Contact the charity for parents and carers of children with disabilities have published guidance in the present covid'19 emergency at https://tinyurl.com/ttjcqxb the information is very useful and covers many aspects


Epileptic seizures can begin at any age but many people will experience their first seizure in childhood or their teens. Childhood epilepsy varies enormously in type, degree or severity and can occur in children with or without other medical conditions. Most children who have straightforward epilepsy live a normal active life and enjoy all the childhood leisure activities and sport which is to be encouraged. Some types of epilepsy will cease during the teen age years but there are many epilepsies and syndromes so that all seizures should be medically investigated.


It can be very frightening to see a child having a seizure but it is important to keep calm so that you can describe what has actually happened to the doctor. Epilepsy is often difficult to diagnose and an accurate description of the event will help the doctor to arrive at a possible diagnosis and arrange the proper tests and treatment. Like many parents you may be wondering if it is something that you have done or not done which has caused the seizures but this is rarely the case. In many casse the cause will never be known despite advances in diagnostic tools such as electro encephalogram (EEG) and Magnetic Resonance Imaging (MRI) scans. For an explanation given by the Epilepsy Society of MRI click here and for EEG click here

You will need to ask questions and voice any worries you have to the GP or Paediatrician. Your doctor will give you information, advice and reassurance but in a busy surgery or clinic time is limited and you may forget to ask all the questions. The Paediatric Epilepsy Nurse Specialist will also help but his/her time is also limited.

You will be worried and upset to find that your child has epilepsy but remember that eight out of ten children with epilepsy lead trouble free enjoyable lives. The success of the treatment prescribed depends on following the advice given which may mean regularly taking medication for a period of years and in avoiding situations which may trigger seizures. Your child will need support and encouragement to accept this and to enjoy a normal happy childhood. We can provide reliable information on many aspects of epilepsy in children and young people including fact sheets about childhood epilepsy syndromes. You can find details of the Kent hildrens Epilepsy Nursing Service on https://tinyurl.com/ybqzfqv8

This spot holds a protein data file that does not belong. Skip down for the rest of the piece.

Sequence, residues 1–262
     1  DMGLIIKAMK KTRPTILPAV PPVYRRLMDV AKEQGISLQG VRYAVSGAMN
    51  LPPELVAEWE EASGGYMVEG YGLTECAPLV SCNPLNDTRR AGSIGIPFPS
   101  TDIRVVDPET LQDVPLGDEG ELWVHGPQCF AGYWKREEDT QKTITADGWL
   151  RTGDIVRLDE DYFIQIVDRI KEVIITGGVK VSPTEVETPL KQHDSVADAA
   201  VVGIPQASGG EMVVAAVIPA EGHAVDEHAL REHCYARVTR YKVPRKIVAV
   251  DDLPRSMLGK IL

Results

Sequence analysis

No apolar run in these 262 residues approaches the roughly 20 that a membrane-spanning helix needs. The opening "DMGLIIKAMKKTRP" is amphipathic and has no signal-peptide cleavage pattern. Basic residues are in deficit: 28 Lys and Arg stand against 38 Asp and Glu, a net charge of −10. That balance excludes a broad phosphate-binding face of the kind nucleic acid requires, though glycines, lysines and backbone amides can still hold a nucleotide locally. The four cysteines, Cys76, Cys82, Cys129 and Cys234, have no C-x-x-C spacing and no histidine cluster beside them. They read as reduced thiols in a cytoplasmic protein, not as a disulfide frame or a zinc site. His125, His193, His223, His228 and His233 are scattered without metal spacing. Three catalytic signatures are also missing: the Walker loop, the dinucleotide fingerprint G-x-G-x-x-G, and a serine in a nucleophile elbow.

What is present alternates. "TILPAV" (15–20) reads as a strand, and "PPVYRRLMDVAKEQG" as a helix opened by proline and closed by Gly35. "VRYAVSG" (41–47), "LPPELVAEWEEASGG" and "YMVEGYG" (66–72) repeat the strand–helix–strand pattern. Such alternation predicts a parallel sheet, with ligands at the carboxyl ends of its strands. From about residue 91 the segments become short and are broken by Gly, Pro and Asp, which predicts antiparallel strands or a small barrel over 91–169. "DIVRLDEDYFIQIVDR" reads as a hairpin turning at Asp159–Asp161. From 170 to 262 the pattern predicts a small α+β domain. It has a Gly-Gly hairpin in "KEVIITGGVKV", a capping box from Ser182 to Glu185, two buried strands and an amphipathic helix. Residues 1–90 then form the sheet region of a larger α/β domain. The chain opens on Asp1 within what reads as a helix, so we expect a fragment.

Support groups for many childhood syndromes including  Sturge Weber,  can be located on Self-help UK which provides a searchable data base of over 1000 self-help organizations and groups across the U.K. These offer support, guidance and advice to patients, carers and their relatives. Dravet UK 's website can be found here


For further information on epilepsy in children and young people contact Young Epilepsy

Young Epilepsy is  the  name for the oranisation at St Piers Lane, Lingfield Surrey which  is the leading provider of specialist education and health services to children and young people with epilepsy across the UK. Over 60,000 children and young people have epilepsy in the UK – Young Epilepsy works to support them, their families and the professionals that work with them.The Champions for Childhood Epilepsy Campaign works in collaboration with professionals to provide training and support. With the aim of improving understanding and outcomes in education, health and other services across the UK. Schools can join the campaign, by nominating a member of staff to be their School Epilepsy Champion. To find out more about this rewarding and potentially life-changing role please email or phone the Campaign Team on 01342 831340

The Children and Families Act 2014  is intended to improve the way in which children having spesial needs in their education including those with epilepsy. The Act will changed the law from September 2014 since which date your local council will have to draw up an education, health and care (EHC) plan instead of a statement of SEN, publish a 'local offer' of services and offer a personal budget. For a full explanation of the new rules go to Contact a Family for their explanation of how the law  changed.

For information about children with complex needs the magazine SEN MAGAZINE provides a valuable source of information.